To lose weight faster, control your stress. Here’s how to do it effectively
Want to lose weight faster? Other then your regular exercises and a strict diet plan, you need to watch out for one more danger: Stress. You may not be losing weight because of your stress levels.
A busy lifestyle goes hand-in-hand with stress. And while stress is known to cause anxiety, headaches, insomnia, and exhaustion, among other things, it is also linked to weight gain. So, this may be the reason why you are not losing weight exercising and eating right.
A new study, published in the journal Cell Metabolism, shows how chronic exposure to stress is linked with obesity due to the relationship between fat cells and the timing of stress hormones. “…if you experience chronic, continuous stress or take glucocorticoids (drugs used by patients of arthritis and asthma) at night, the resulting loss of normal circadian glucocorticoid oscillations will result in significant weight gain,” says Mary Teruel, assistant professor of chemical and systems biology at Stanford University School of Medicine in California.
Nutrition and fitness consultant Munmun Ganeriwal says in times of stress, our body releases hormones such as cortisol. “Cortisol is linked with insulin resistance, sugar cravings, and weight gain. The equation is — higher stress equals higher cortisol which means a greater craving for junk food which leads to more belly fat,” she says.
Pooja Thacker, senior dietician, Bhatia Hospital, Mumbai, explains that an increase in cortisol levels causes breakdown of glucose, fat and protein which is utilised by the body. “When all these breakdowns happen, there is a change in the hormone level which causes insulin resistance and increase in leptin levels, so that is why there is an increase weight gain and chances of high sugar levels.”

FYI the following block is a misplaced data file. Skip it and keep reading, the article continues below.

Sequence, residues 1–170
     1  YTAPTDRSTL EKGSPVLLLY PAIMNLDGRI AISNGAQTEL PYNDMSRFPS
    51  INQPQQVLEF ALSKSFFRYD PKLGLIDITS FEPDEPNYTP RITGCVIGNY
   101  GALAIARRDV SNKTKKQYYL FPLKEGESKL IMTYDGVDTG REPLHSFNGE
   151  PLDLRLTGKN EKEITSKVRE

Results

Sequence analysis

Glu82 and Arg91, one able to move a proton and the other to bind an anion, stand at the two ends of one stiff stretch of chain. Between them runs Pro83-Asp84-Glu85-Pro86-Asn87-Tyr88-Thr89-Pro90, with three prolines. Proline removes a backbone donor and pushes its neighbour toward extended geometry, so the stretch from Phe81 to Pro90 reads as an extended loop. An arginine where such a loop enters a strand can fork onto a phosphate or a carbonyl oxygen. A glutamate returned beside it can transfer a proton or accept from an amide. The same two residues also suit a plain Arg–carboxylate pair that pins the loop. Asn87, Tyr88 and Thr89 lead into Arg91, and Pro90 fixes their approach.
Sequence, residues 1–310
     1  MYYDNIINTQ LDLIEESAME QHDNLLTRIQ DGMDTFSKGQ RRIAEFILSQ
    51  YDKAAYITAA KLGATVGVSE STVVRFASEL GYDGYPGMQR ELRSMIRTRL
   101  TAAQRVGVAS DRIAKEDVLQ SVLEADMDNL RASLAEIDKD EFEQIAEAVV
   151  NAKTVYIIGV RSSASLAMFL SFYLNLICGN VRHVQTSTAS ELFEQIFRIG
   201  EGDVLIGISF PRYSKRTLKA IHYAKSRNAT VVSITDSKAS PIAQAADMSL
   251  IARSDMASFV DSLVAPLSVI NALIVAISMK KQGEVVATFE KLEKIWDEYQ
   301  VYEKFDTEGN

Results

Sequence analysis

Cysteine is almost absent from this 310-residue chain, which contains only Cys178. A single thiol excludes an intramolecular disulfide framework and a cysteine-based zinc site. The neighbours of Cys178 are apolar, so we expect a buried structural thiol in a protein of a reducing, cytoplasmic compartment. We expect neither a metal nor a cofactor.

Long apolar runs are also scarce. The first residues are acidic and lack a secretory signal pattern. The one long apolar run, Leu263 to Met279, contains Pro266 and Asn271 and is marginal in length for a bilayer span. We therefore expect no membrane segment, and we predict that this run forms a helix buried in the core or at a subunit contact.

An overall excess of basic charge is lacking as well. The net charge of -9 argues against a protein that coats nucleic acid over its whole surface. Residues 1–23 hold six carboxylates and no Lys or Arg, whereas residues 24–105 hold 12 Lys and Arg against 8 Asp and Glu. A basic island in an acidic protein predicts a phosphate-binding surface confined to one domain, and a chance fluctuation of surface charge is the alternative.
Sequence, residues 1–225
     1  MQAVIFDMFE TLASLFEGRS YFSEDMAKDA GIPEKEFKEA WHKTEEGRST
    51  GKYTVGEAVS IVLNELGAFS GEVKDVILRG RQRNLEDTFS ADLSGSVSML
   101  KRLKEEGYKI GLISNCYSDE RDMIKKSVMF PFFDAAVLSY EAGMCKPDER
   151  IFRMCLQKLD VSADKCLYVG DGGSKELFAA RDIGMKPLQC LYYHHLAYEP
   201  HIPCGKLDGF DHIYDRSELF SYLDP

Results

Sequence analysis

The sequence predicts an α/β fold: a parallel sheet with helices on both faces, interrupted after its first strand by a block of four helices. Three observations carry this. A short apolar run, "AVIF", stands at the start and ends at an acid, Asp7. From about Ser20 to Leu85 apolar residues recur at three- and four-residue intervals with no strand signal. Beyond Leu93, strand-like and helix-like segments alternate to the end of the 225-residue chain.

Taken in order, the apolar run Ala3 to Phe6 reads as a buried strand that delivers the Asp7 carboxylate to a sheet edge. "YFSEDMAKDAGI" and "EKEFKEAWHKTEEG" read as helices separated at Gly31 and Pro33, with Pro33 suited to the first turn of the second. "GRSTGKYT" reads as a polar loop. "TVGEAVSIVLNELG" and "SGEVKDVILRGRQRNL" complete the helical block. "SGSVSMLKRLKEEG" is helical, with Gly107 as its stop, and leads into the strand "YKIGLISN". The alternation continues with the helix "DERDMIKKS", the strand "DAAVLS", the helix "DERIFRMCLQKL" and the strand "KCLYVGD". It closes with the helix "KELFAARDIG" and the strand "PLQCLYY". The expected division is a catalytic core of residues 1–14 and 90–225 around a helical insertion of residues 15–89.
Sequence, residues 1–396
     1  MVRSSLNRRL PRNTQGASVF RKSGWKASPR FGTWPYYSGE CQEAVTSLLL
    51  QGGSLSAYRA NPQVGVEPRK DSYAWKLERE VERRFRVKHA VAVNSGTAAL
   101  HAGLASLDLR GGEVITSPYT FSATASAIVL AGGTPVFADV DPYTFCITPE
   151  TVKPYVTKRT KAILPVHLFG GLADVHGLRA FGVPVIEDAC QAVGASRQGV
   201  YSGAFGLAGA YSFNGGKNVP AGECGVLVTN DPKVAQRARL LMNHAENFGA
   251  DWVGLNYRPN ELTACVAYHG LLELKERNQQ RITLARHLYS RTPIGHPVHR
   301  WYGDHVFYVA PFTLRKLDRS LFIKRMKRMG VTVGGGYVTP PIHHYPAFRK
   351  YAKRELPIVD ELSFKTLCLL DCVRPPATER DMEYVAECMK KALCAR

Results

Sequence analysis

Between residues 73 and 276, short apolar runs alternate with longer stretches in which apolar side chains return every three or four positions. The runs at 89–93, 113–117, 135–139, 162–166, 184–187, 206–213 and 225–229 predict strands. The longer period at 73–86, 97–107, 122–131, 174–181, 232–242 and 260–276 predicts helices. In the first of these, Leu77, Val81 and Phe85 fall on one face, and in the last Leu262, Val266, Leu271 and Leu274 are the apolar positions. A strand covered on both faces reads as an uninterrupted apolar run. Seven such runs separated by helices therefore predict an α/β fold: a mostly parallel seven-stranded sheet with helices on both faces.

The effect of stress over time
Persistent stress is even worse for your body and can cause abnormal sleep/eating patterns, and cause psychological distress. “All these lead to increase in hormone levels, especially glucocorticoid and cortisol, the two main hormones which gets released from the brain. Eventually your immunity, heart rate and the brain get affected. So, it takes a very long time for the body to recover,” says Thacker.
While acute stress leads to release of the hormone epinephrine (or adrenaline) which shuts down your appetite, chronic stress causes the release/elevated levels of cortisol which increases hunger and the desire to eat high-calorie foods. “Unlike acute stress, periods of chronic stress do not trigger the release of anabolic hormones like testosterone and HGH, which results in loss of muscle tissue and storage of fat in the body, especially in the abdomen,” says Ganeriwal.
The study had also highlighted how stress affects people differently at different points of the day. And the worst effect is seen at night. “When there is an increase in glucocorticoid levels, there is an increase in the number of fat cells produced to replenish the body store. So, when a person is stressed and going through abnormal sleep patterns, the hormone levels shoot up and that is why there is increase in fat cells which leads to overeating,” explains Thacker.
What to do
The strategies to beat stress and associated weight gain involve relaxing the brain, calming the nerves and cells, as well as stimulating the production of repairing hormones- HGH and testosterone which counter the negative effects of cortisol. Here’s a simple four-step approach suggested by Ganeriwal and Thacker to do so:
* Get good, sound sleep for at least 6-8 hours a day.
* Include adequate amounts of protein in your diet.
* Weight train at least twice a week. Try incorporating yoga and breathing exercises in your fitness routine.
* Eat within 15-20 minutes of waking up in the morning.
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